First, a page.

We waited for the rain to subside after getting cleaned up to go to the Atlantis Casino. Finally we put our rain gear on and walked to the security office where we were to find a taxi and the staffer there said we could leave our rain gear in the office until we came back, so we were able to get into the taxi without being dripping wet.


  We didn't waste any time finding a nice bar in a busy area of the hotel where we could have some beers and watch the people. Long pants are required in the fancier restaurants at Atlantis, but I don't know who was going to visit them because most all the men were wearing cutoffs and raggedy t-shirts. I not only had a button down shirt on, I had shoes on that tied for the first time in a year, although they were still boat shoes.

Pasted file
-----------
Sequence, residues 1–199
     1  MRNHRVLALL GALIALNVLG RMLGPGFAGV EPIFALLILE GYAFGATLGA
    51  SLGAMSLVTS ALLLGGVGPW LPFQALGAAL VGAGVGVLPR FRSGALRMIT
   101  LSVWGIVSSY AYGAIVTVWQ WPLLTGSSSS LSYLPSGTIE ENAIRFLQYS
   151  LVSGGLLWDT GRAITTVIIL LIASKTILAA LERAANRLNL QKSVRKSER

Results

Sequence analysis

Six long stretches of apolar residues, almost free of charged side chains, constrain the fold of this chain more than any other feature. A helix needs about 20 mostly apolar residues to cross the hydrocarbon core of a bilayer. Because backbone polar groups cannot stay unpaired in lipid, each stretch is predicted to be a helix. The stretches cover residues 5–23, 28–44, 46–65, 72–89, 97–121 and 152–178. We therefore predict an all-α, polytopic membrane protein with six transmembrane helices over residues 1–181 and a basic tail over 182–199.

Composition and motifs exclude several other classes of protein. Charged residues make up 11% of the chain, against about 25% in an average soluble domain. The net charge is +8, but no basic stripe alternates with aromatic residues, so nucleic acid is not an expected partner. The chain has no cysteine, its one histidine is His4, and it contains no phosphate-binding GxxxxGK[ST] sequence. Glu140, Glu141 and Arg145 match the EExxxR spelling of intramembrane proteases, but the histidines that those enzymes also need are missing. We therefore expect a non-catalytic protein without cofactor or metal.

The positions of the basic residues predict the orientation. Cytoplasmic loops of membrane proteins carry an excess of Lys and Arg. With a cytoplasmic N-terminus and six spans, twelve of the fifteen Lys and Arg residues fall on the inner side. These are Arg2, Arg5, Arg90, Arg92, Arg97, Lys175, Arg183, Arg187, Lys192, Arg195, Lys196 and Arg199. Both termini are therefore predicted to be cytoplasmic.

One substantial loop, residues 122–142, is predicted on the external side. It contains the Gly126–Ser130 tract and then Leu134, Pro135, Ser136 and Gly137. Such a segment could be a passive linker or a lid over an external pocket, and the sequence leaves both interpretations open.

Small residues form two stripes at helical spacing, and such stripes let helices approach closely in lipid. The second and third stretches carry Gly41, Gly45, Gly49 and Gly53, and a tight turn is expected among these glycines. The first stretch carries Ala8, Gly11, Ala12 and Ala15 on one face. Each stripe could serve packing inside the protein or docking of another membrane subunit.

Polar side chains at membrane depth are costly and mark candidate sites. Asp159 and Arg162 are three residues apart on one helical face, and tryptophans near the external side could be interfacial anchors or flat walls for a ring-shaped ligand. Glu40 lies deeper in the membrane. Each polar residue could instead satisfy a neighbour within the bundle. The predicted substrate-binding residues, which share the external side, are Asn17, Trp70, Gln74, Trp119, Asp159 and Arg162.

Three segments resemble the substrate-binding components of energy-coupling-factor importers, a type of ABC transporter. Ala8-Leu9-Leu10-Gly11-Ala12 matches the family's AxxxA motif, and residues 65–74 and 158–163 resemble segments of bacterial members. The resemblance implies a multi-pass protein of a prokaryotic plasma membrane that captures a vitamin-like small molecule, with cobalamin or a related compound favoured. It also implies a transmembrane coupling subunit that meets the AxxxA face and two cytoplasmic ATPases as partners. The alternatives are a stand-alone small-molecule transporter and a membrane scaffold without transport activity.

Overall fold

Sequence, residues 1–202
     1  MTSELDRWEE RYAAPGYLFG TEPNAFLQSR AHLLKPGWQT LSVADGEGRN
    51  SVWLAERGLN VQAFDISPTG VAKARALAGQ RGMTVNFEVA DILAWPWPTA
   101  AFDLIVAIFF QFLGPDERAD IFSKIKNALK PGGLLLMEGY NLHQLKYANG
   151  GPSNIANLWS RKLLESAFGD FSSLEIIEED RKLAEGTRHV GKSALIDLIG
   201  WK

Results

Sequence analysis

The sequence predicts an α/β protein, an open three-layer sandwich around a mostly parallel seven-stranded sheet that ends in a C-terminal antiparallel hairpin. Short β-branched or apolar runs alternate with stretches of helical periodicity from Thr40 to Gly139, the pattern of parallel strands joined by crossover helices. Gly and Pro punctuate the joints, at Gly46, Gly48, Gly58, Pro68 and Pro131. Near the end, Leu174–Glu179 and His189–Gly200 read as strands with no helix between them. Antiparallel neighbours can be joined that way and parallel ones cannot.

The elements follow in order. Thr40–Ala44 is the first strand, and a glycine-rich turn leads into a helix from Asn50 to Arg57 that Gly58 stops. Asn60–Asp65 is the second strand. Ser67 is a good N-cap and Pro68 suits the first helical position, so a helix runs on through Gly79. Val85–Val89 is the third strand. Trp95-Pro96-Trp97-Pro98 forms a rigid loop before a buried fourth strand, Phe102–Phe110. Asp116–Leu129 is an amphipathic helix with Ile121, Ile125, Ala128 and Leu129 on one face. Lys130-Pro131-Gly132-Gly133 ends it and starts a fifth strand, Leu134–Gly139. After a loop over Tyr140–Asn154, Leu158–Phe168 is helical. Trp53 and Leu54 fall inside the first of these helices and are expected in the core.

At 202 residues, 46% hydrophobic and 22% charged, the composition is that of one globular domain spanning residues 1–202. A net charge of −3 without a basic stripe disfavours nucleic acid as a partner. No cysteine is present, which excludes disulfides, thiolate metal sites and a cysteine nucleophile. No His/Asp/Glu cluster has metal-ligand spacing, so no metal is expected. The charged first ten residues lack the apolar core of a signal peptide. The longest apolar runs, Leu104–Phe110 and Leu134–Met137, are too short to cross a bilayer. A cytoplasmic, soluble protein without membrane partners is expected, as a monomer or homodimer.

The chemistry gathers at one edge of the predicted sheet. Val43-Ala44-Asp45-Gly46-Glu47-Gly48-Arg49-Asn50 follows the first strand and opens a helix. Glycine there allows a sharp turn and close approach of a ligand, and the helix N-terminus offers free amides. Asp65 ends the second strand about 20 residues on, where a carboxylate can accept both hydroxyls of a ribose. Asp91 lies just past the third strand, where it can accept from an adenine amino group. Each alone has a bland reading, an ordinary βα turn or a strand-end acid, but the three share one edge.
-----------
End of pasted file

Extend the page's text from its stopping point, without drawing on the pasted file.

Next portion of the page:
A quick six pack at this bar was a heady $50, so we went in search of a reasonably priced restaurant where I could be served looking like the bum that I am. We were surprised at how many children there were around, plus the fact that they were allowed throughout the casino. I can only assume that they were not allowed to gamble, but I'm not certain.
  We passed up a couple of restaurants where the posted menus advertised lots of entrees for $50 to $150 and settled on a more casual place where the aquarium surrounds the dining tables. The menu was reasonable and I picked a 16 oz. ribeye for $34 and Rosie had a monster rack of ribs for $30. Our table was right next to the aquarium and we were in awe of the variety of sea life that they had packed in the huge tank that surrounded the whole restaurant. A giant sting ray continuously patrolled his domain that had to be six feet across. It was at that point that we both decided to never enter the ocean again.